A bit of savoury pork pie

I wonder if Pip Pirrip ever ate a pork pie in his life without a chill of horror at the memory of the Christmas pork pie when he was a small seven year old who stole the Christmas pork pie from home to give to the starving and wretched convict. If you’ve not read ‘Great Expectations’ by Dickens then you’ve missed a treat – there have been some great films, but the book is greater.

I’ve been thinking about food in books, and food plays an important part in Charles Dickens’ books – perhaps the most obvious item which springs to mind is the gruel in ‘Oliver Twist’ with the poor orphan bullied into asking ‘Please sir, I want some more?’ Those few words immediately conjure the musical ‘Oliver’ with the ear-worm song ‘Food, glorious food!’

Everyday we say our prayer
Will they change the bill of fare
Still we get the same old
Gruel!

Back to the pork pie. Although I enjoy pork pie, I have never made one – they do sound quite difficult to make, mincing and seasoning the pork, making the cod water crust, raising the pie, cooking it so it stands steady in its golden magnificence then pouring in the liquid gel – I think I might have to buy a pie tomorrow while I think about how I might make one. I don’t have a raised pie tin, so I might have to improvise… hmm, thinks…

It is Christmas, and young Pip has been accosted by an escaped convict, alone in the churchyard by the grave of his parents and brothers, and is threatened that he will be killed unless he brings the desperate man a file for his leg irons, and some food. He manages to steal ‘a beautiful round compact pork pie’ from the kitchen while his bullying sister and bullied brother-in-law are asleep. He finds the convict out on the marshes and gives him the file and food, and watches in fearful fascination as the man demolished it:

I had often watched a large dog of ours eating his food; and I now noticed a decided similarity between the dog’s way of eating, and the man’s. The man took strong sharp sudden bites, just like the dog. He swallowed, or rather snapped up, every mouthful, too soon and too fast; and he looked sideways here and there while he ate, as if he thought there was danger in every direction of somebody’s coming to take the pie away. He was altogether too unsettled in his mind over it, to appreciate it comfortably I thought, or to have anybody to dine with him, without making a chop with his jaws at the visitor. In all of which particulars he was very like the dog.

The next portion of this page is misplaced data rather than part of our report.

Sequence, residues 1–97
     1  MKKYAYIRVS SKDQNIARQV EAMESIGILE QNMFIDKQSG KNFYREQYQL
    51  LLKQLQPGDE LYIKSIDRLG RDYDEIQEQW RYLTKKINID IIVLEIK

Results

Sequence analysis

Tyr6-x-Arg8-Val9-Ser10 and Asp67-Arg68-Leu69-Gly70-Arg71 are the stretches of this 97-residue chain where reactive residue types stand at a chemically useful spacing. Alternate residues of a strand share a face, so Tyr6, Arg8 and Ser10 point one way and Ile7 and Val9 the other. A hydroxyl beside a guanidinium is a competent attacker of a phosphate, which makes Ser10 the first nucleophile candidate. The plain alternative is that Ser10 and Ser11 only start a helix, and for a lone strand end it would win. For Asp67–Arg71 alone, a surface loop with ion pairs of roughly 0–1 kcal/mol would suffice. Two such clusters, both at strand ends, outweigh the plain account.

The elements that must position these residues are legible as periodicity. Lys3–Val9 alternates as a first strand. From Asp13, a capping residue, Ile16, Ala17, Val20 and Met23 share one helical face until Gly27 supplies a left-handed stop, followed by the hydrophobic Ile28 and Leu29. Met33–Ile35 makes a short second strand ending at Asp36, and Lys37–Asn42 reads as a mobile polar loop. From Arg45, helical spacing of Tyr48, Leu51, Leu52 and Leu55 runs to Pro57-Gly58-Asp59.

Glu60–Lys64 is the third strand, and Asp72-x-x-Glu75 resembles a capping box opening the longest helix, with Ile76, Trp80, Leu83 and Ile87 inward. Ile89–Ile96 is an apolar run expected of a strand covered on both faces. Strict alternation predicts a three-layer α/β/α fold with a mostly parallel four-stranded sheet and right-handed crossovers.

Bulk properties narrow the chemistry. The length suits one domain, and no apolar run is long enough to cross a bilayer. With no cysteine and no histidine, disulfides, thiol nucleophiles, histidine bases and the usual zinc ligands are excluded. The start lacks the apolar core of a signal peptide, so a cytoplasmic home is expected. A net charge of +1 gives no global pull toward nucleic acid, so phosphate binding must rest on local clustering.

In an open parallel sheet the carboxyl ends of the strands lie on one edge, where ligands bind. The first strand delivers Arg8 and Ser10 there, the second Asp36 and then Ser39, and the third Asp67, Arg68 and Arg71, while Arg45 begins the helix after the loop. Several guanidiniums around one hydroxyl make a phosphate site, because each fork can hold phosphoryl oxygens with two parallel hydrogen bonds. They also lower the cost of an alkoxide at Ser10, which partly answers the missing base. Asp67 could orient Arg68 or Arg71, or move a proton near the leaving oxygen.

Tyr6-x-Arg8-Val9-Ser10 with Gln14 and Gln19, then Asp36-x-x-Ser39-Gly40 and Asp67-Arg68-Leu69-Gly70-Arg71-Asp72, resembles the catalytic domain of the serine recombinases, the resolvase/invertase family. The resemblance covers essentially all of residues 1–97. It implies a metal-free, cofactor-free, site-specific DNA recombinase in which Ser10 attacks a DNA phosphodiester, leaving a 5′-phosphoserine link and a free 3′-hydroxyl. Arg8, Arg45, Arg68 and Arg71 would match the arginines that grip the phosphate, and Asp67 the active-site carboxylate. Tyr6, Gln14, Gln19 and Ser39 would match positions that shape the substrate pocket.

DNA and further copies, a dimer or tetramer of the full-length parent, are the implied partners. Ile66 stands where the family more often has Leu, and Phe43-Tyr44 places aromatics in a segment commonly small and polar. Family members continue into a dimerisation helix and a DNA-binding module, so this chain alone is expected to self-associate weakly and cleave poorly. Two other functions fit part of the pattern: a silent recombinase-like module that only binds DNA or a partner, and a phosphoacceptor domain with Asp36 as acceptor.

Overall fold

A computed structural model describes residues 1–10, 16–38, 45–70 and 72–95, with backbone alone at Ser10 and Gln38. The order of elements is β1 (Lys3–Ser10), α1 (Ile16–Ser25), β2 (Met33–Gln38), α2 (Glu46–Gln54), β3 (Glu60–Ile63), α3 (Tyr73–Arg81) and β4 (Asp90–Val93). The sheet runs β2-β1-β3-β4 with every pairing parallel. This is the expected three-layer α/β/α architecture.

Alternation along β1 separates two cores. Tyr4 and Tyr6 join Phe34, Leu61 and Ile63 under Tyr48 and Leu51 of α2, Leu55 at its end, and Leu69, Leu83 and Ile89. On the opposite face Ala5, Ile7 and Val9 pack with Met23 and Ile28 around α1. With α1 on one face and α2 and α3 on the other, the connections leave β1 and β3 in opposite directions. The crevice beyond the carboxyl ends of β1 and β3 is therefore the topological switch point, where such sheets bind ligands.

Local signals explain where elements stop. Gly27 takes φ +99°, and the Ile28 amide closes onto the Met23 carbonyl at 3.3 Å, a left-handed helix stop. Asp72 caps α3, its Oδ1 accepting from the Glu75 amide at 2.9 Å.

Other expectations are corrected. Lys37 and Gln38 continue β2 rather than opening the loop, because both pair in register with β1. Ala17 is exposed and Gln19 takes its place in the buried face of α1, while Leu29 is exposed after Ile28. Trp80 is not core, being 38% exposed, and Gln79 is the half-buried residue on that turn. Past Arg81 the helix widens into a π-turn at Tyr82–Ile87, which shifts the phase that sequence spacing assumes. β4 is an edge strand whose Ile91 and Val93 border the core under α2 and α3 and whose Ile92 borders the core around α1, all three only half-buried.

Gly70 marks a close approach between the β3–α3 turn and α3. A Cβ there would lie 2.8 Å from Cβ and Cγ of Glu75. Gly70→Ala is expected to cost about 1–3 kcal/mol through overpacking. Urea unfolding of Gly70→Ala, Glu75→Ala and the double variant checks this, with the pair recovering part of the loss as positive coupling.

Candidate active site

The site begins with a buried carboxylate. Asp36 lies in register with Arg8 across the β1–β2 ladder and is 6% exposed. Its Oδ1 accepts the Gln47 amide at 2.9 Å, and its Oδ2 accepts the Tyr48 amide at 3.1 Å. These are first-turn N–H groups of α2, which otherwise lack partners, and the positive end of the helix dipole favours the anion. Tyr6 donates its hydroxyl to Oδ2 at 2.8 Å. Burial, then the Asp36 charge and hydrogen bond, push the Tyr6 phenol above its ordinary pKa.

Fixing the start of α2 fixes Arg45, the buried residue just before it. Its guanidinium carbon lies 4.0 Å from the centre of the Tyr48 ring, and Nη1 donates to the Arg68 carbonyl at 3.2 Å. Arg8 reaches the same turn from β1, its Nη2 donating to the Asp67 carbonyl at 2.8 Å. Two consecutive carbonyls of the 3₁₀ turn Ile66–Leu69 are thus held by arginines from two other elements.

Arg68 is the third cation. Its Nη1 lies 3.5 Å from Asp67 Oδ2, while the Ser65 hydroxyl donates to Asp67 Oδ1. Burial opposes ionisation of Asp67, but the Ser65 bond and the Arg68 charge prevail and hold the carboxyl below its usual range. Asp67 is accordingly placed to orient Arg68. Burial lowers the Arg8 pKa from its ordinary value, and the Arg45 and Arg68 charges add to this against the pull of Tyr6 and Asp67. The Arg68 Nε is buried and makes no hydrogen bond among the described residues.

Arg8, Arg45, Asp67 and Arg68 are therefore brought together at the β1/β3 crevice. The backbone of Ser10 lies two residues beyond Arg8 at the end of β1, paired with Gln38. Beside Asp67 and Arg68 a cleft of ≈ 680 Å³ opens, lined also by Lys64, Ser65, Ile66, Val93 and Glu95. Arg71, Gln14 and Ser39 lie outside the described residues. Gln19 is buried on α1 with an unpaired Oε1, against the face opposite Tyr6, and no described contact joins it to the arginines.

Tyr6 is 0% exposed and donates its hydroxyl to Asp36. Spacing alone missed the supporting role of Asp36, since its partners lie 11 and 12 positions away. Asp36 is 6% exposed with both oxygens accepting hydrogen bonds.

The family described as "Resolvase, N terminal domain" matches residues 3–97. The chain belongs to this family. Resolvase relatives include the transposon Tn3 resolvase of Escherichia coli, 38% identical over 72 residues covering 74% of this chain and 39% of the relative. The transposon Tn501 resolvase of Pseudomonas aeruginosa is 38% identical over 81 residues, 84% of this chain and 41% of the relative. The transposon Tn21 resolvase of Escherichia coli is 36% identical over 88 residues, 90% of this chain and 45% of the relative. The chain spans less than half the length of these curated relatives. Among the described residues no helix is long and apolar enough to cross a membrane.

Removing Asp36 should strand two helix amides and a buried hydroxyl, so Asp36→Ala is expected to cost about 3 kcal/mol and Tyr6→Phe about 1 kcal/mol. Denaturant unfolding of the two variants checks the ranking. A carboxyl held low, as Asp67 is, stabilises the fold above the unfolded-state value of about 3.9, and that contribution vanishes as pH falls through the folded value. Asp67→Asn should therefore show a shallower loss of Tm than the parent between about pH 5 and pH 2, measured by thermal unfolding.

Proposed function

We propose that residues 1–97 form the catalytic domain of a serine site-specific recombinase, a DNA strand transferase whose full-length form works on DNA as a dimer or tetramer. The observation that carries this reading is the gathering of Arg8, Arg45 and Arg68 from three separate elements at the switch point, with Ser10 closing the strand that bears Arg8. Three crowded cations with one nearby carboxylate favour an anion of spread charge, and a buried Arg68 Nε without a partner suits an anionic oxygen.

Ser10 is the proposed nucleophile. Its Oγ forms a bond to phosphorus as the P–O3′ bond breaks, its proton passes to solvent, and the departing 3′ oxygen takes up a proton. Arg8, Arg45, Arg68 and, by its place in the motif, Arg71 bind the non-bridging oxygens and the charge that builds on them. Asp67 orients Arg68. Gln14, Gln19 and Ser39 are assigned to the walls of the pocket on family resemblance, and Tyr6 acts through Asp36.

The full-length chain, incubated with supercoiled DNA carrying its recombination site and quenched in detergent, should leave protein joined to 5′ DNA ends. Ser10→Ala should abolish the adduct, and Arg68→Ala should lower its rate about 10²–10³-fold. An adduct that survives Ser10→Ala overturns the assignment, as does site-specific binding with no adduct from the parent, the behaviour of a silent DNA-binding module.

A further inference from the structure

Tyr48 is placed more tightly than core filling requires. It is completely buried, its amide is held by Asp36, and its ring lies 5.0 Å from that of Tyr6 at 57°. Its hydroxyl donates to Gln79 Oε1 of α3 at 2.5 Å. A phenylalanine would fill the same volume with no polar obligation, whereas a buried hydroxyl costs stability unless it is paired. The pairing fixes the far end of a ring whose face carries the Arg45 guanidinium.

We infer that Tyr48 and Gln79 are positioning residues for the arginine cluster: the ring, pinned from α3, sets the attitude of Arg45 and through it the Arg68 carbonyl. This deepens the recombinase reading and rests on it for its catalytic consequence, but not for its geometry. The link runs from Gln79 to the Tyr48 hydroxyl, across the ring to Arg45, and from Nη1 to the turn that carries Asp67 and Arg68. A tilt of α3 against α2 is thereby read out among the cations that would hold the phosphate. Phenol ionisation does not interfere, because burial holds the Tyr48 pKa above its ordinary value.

Pip runs away from him and gets home and into bed without his ferocious sister finding out what he has done. He thinks he is safe until guests arrive for Christmas lunch, including Uncle Pumblechook (another magnificent Dickensian name!) who had donated the magnificent pork pie which Pip had taken to the escaped convict. All through dinner, Pip has been in terror of his brutal sister discovering the missing pie and the violent punishment she would unleash on him.

“You must taste,” said my sister, addressing the guests with her best grace—“you must taste, to finish with, such a delightful and delicious present of Uncle Pumblechook’s!”
Must they! Let them not hope to taste it!
“You must know,” said my sister, rising, “it’s a pie; a savoury pork pie.”
The company murmured their compliments. Uncle Pumblechook, sensible of having deserved well of his fellow-creatures, said,—quite vivaciously, all things considered,—“Well, Mrs. Joe, we’ll do our best endeavours; let us have a cut at this same pie.”
My sister went out to get it. I heard her steps proceed to the pantry. I saw Mr. Pumblechook balance his knife. I saw reawakening appetite in the Roman nostrils of Mr. Wopsle. I heard Mr. Hubble remark that “a bit of savoury pork pie would lay atop of anything you could mention, and do no harm,” and I heard Joe say, “You shall have some, Pip.” I have never been absolutely certain whether I uttered a shrill yell of terror, merely in spirit, or in the bodily hearing of the company. I felt that I could bear no more, and that I must run away. I released the leg of the table, and ran for my life.

Whenever I’m offered pork pie, I have to resist quoting Mr Hubble: “a bit of savoury pork pie would lay atop of anything you could mention, and do no harm,”

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